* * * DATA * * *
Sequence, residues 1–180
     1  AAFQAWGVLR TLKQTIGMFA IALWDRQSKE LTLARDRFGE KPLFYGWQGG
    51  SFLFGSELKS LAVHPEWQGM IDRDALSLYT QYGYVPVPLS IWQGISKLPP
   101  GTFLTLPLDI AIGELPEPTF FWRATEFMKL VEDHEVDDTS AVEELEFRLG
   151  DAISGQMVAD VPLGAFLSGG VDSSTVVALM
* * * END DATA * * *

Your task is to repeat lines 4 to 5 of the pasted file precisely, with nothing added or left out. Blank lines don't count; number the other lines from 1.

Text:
   101  GTFLTLPLDI AIGELPEPTF FWRATEFMKL VEDHEVDDTS AVEELEFRLG
   151  DAISGQMVAD VPLGAFLSGG VDSSTVVALM